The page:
CG: Indian Science is not usually considered (talking about analysis of stone structures).

DH: Ceremonial sites come in clusters [they expressed some wonder at this recently re-discovered fact]

BW: We are re-discovering, re-connecting with these places....Places have been waiting for us to come back. What we have started [the modern protection of ancient ceremonial sites], we know goes way beyond our lifetime.

DH: We should be thankful for bad fortune as well as the good. At Turner's Falls they made a terrible mistake and clearcut the hill we were trying to protect. [They were outraged] And then we were able to see a stone wall and its relation to the site, and use the wall to see a relation between this site and a notch on the horizon 16 miles away where there were other clusters of ceremonial sites.

CG: In order to find balance, we use ceremony. We knew very little about this [the stone structures] and with Turner's Falls we found it was here. And it [knowledge of site locations] keeps growing....Found the next cluster, it just went on and on. [[I am seeing how very serious they are about this subject]]

DH: Why are we sharing? To walk together for preservation. (He said it did not matter if we disagree about who built the structures as long as we all agree to protect them.) [Here more discussion of ridicule and racism that prevented them acknowledging these sites in the past. Also, here, CG making the point that the Wampanoag language was so secret: speaking Wampanoag was punishable by death up until 1950. The language was kept so secret that it came very close to being lost. The implication is that knowledge of stone structures actually was lost, so they are exteremely thrilled to pick back up on it before it was completely gone. I am getting a feeling they are almost thanking us that this new re-discovering came about]

DH: We thank the spirits that may be present in this room. We thank the spirits of the Nashoba, the energies that helped shape this place [Acton].

DH: A stone placed on a pile is a living prayer. [Damaging a pile breaks the prayer...some discussion of what the Indians regard as insane littering of the moon by rocket debris]

Q from audience: how do you find these sites?
DH: We are told about them in the family...people in this room have found these places and report back to us...some people in this room have the sensitivity...

DH [talking about the USET resolution]: Alabama Indians came up to us at USET and said (about stone structures): "We have them too!".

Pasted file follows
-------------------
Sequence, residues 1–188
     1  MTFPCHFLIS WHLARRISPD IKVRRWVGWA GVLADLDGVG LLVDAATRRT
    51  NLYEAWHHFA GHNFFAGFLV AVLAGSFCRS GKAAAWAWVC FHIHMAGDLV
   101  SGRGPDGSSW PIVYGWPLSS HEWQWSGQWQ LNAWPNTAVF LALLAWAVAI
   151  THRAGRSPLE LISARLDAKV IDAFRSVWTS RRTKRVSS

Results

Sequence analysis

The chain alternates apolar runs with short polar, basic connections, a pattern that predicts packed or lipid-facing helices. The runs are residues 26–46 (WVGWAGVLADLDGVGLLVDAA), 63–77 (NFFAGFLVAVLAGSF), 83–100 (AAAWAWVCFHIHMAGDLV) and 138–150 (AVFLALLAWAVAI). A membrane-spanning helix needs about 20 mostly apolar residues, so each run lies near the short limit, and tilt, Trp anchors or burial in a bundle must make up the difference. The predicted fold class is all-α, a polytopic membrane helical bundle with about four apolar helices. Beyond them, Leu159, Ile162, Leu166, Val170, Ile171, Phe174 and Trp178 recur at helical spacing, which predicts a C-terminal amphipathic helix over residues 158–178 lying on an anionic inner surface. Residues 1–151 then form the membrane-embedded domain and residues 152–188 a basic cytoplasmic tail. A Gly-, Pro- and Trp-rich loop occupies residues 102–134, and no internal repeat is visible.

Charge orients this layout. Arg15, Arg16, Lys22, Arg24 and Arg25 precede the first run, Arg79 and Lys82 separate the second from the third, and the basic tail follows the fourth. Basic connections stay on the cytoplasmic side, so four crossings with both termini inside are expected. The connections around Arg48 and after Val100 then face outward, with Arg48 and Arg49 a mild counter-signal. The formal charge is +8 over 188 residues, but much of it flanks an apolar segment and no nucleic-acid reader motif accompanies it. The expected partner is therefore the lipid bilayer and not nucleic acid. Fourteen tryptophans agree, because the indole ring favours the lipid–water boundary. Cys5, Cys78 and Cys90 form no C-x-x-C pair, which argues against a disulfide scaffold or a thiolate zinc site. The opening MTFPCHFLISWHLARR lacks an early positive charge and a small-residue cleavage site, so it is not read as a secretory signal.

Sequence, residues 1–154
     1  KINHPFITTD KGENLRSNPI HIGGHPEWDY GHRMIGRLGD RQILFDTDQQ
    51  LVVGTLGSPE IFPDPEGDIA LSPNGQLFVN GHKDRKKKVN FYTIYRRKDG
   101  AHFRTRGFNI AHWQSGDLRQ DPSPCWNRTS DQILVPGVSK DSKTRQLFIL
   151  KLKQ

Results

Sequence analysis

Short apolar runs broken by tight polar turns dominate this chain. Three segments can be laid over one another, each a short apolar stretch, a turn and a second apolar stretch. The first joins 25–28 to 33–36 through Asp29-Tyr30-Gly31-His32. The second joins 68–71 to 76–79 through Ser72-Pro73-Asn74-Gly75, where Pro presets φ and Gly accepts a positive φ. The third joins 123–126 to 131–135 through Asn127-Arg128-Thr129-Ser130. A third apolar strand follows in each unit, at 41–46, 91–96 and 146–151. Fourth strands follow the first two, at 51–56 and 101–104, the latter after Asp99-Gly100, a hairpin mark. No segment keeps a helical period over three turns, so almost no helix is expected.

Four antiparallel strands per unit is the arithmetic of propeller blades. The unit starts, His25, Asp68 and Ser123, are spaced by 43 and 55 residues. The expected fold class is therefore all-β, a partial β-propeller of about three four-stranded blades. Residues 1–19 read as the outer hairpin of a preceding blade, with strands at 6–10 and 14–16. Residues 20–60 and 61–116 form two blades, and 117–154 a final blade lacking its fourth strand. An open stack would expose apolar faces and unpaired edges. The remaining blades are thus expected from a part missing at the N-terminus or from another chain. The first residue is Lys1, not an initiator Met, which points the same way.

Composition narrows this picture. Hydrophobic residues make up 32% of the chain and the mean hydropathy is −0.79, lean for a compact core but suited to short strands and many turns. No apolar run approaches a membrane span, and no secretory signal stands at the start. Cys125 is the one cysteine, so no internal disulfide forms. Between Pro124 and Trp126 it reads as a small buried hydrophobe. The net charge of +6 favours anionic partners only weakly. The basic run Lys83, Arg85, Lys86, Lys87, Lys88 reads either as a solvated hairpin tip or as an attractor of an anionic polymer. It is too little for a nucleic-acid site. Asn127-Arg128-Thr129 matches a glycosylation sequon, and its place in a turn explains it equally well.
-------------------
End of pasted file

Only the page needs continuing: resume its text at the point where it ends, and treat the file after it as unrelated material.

DH: Ceremonial Lanscape is out of the closet.

CG: Indians from Arkansas also talking about stone structures [again with some awe and surprise:] we find the structures are all over the eastern seaboard.

DH: As far as we can tell this is something that is present throughout the continent.

DH [talking about why Acton is so central] because of the many waters that flow through...this is a special place.

Q from Audience: Should we keep these sites secret?

[Firm position taken by all Indians: better to make the places public]
DH: learn to preserve...[talking about the plan to build senior housing near the stone piles in Carlisle, and an interpetive path with benches] a park for seniors may be the best protection.

CG: Isn't it better to find a way to let people know about these sites? Vandals will be vandals.

DH [on Turner's Falls] Much of what we are seeing, we do not understand. I call my collegues together to look at something saying "is this familiar to you, is there anything in your experience that tells about this"...and each remembers a thread of the story they may have heard, and we are weaving these threads back together...


Norman said...

Thanks for sharing this important event. It shows the importance of discovering long-lost stone features and then transmitting this information to the proper individuals.

pwax said...

I have to wonder about what I regard as a fact: that modern day Indians are making rock piles. Could this be the Nipmuc, could this be why Rae Gould did not show up? But then some of the stonework south of here, in non-Nipmuck land, is also pretty fresh.

If modern Indians are making piles, do these tribal historical officers know about it?

Douglas Watts said...

Excellent overview and reporting.


And good for Acton !!!!

James said...

nice article peter but you can see why I like to stay out of the picture in general.

pwax said...

(Writing much later) An observation: Doug H. does not spend time with people just for the fun of it - his visiting with me, while being introduced to the rock piles, was something he benefited from.